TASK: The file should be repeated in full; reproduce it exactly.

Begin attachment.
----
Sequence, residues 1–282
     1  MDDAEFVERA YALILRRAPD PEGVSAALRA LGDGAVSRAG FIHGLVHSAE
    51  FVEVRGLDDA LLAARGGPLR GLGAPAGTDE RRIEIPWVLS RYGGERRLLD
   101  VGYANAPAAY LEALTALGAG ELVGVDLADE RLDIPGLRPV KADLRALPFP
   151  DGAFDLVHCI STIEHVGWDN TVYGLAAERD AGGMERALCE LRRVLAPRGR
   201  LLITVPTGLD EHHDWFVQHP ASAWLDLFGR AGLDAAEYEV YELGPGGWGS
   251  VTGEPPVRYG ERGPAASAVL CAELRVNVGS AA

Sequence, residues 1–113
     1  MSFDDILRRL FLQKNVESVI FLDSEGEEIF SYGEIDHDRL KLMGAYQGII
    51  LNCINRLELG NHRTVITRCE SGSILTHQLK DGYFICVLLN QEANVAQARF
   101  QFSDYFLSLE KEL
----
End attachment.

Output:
Sequence, residues 1–282
     1  MDDAEFVERA YALILRRAPD PEGVSAALRA LGDGAVSRAG FIHGLVHSAE
    51  FVEVRGLDDA LLAARGGPLR GLGAPAGTDE RRIEIPWVLS RYGGERRLLD
   101  VGYANAPAAY LEALTALGAG ELVGVDLADE RLDIPGLRPV KADLRALPFP
   151  DGAFDLVHCI STIEHVGWDN TVYGLAAERD AGGMERALCE LRRVLAPRGR
   201  LLITVPTGLD EHHDWFVQHP ASAWLDLFGR AGLDAAEYEV YELGPGGWGS
   251  VTGEPPVRYG ERGPAASAVL CAELRVNVGS AA

Sequence, residues 1–113
     1  MSFDDILRRL FLQKNVESVI FLDSEGEEIF SYGEIDHDRL KLMGAYQGII
    51  LNCINRLELG NHRTVITRCE SGSILTHQLK DGYFICVLLN QEANVAQARF
   101  QFSDYFLSLE KEL